Bucs WR Chris Godwin - Photo by: Cliff Welch/PR
SR’s Fab 5 is a collection of inside scoop, analysis and insight from yours truly, PewterReport.com publisher and Bucs beat writer Scott Reynolds. Here are a few things that caught my attention this week at One Buc Place and around the NFL.
FAB 1. BUCS BUILDING ROSTER FROM THE BOTTOM UP
There’s no doubt that legendary Buccaneers cornerback Ronde Barber’s 92-yard pick-six in the 2002 NFC Championship Game at Philadelphia was the greatest play in franchise history. Barber’s signature play sent Tampa Bay to its first and only Super Bowl and should help his chances of making the Pro Football Hall of Fame when he becomes eligible for the first time.
Barber was one of the many stars on Tampa Bay’s 2002 Super Bowl team, and those “A” level players came through big time in the Super Bowl XXXVII win. Hall of Fame linebacker Derrick Brooks had a game-clinching pick-six in the fourth quarter of the Super Bowl that culminated a season in which he was named the NFL Defensive Player of the Year. Brooks ended up with five defensive touchdowns in 2002.
Hall of Fame defensive tackle Warren Sapp had 7.5 sacks during the regular season and added another in the Super Bowl. Defensive end Simeon Rice, who had 15.5 sacks in 2002, had two QB captures of Rich Gannon a week after sacking Donovan McNabb in the NFC Championship Game.
Legendary fullback Mike Alstott scored the Bucs’ first post-season touchdown in Philadelphia in Tampa Bay history – a feat that had eluded the franchise the two previous seasons – as well the team’s first touchdown in Super Bowl XXXVII. But as great as Barber, Brooks, Sapp, Rice, Alstott and strong safety John Lynch were for the Bucs during that magical season, there were several other solid contributions from necessary role players that made Tampa Bay Super Bowl champions.
There are three ingredients to producing Super Bowl teams. The first is having Pro Bowl talent – grade “A” talent, if you will. The second is coaching. Getting the most out of that talent with proper usage, timely play calls and game management is critical, especially in the postseason.
But the third ingredient is often overlooked and undervalued. Improving a team’s roster from the bottom up is vital. That means replacing the grade “C” players with “B” players.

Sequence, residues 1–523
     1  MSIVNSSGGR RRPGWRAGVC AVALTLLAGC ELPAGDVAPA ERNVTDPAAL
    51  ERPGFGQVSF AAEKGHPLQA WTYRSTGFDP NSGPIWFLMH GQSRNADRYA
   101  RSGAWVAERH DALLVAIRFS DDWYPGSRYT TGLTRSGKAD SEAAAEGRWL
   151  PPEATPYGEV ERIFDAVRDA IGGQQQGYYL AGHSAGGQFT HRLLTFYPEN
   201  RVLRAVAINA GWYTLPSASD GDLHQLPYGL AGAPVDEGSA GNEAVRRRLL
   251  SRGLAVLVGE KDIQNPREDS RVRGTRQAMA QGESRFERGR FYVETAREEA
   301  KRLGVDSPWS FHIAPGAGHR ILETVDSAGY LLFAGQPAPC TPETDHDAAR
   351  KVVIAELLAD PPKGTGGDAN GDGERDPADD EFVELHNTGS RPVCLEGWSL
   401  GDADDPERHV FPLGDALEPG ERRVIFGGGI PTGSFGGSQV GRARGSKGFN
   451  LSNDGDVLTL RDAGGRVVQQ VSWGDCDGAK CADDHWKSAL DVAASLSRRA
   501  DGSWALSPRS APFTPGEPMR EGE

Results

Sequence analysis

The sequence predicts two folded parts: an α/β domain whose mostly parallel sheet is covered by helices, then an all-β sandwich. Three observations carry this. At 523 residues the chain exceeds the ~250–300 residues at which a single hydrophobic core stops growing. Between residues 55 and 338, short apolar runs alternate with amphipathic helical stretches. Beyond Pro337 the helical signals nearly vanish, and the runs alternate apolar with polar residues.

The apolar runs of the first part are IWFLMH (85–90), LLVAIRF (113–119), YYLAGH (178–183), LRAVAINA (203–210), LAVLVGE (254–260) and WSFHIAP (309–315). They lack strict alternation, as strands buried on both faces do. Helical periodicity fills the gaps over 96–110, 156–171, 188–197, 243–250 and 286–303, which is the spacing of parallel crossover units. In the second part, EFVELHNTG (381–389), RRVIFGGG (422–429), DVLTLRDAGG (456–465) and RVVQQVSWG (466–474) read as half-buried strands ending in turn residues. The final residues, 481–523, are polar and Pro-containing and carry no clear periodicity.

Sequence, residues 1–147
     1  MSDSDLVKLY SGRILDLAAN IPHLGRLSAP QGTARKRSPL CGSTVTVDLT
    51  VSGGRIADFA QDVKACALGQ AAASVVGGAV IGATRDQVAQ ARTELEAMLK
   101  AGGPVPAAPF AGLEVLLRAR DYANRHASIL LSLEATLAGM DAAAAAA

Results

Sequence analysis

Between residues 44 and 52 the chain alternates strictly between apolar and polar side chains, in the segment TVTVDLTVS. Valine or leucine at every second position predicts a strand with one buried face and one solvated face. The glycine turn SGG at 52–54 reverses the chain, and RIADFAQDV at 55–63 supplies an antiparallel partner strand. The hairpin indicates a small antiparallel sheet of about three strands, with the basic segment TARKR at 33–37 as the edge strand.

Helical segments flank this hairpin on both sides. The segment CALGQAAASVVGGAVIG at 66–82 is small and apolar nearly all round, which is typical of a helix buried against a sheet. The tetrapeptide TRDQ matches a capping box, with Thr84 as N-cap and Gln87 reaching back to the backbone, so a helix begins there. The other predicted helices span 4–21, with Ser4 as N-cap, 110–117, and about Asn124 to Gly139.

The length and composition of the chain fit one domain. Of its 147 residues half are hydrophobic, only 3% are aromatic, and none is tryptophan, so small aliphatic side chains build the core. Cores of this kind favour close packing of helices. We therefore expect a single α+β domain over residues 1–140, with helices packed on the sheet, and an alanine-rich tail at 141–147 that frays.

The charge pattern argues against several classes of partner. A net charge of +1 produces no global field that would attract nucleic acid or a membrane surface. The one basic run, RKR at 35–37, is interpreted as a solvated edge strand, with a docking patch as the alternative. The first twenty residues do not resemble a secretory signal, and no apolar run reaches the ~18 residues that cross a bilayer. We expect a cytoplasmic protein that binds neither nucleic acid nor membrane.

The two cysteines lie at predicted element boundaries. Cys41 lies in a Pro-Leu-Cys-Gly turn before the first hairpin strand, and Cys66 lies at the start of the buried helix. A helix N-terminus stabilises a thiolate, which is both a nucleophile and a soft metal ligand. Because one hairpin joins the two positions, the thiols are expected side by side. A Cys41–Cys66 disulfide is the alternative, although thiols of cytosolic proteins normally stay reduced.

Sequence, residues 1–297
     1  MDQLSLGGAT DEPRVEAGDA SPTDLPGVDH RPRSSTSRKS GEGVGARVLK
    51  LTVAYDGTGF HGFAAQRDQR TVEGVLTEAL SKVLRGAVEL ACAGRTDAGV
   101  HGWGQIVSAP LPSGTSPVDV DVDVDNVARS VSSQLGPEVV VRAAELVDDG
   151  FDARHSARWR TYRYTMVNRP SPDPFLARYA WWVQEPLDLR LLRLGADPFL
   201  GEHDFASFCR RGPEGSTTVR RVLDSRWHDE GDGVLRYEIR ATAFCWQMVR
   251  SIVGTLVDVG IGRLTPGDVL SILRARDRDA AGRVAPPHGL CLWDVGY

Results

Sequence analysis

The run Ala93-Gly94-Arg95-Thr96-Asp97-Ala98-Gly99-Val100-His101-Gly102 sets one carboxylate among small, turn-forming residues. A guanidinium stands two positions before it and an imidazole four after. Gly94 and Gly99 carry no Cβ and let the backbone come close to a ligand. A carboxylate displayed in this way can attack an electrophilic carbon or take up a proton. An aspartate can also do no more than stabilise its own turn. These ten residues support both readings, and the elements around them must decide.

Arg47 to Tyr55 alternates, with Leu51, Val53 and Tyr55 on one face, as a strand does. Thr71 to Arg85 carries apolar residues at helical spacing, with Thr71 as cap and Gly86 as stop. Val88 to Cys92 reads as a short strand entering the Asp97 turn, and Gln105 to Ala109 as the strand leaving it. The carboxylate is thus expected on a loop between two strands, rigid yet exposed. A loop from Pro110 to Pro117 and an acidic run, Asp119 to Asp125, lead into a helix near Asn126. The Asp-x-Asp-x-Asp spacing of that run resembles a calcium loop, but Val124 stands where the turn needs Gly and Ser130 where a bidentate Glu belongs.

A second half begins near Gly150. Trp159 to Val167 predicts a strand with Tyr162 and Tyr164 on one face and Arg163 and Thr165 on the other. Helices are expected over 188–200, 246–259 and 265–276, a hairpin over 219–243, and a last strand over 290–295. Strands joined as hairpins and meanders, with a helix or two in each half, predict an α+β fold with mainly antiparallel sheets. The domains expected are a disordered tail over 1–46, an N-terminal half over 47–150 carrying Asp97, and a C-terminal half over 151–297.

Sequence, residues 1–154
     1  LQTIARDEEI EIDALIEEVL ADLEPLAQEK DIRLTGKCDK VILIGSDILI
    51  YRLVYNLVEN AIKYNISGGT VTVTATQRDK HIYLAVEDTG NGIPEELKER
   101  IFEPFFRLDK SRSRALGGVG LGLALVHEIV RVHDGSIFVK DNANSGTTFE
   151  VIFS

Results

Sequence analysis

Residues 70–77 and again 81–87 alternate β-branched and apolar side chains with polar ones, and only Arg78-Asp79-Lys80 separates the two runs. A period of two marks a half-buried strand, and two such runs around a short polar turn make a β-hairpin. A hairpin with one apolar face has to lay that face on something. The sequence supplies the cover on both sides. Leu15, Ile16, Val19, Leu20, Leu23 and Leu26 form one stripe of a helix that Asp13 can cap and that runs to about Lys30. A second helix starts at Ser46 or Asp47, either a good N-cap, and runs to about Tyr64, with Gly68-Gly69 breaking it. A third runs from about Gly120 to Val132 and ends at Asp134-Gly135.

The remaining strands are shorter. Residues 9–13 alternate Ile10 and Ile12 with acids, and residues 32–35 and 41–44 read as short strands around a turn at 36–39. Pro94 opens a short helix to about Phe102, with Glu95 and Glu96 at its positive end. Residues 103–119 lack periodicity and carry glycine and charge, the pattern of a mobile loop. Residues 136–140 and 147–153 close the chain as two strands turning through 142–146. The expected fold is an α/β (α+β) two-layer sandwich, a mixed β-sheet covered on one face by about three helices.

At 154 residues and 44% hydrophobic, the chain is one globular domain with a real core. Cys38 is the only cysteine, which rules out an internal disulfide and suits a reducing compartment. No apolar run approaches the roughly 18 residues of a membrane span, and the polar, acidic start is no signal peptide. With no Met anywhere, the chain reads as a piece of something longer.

A quick look at New England’s most recent Super Bowl roster shows only four Pro Bowlers from last year’s team – quarterback Tom Brady, linebacker Dont’a Hightower, defensive back Devin McCourty and wide receiver Matthew Slater, who made the Pro Bowl as a special teams ace. In terms of talent and ability it’s more than fair to add four-time Pro Bowl tight end Rob Gronkowski, who missed half of last year due to a back injury, to the Patriots’ group of “A” players.
Patriots TEs Martellus Bennett & Rob Gronkowski & RB LeGarrette Blount – Photo by: Getty Images
But the reason why the Patriots won the Super Bowl was because the rest of the team is comprised of mostly “B” level role players from running backs LaGarrette Blount and James White to receivers Julian Edelman and Chris Hogan to tight end Martellus Bennett to cornerbacks Malcolm Butler and Logan Ryan to nose tackle Alan Branch and defensive end Trey Flowers and a solid, yet unheralded offensive line.
Future Hall of Fame head coach Bill Belichick knows that a sure-fire way to get beat in today’s NFL is to have a “C” level player that can be targeted for mismatches, so he spends his offseasons in free agency and the draft looking for a host of good, solid role players that are perfect scheme fits.
Belichick knows that he can win with a couple of “A” players and several “B” players, but a team with “A” players and too many “C” players is the recipe for a defeat. Belichick also knows that “B” players like Butler and White are capable of wining big games – even Super Bowls – but “C” players can’t.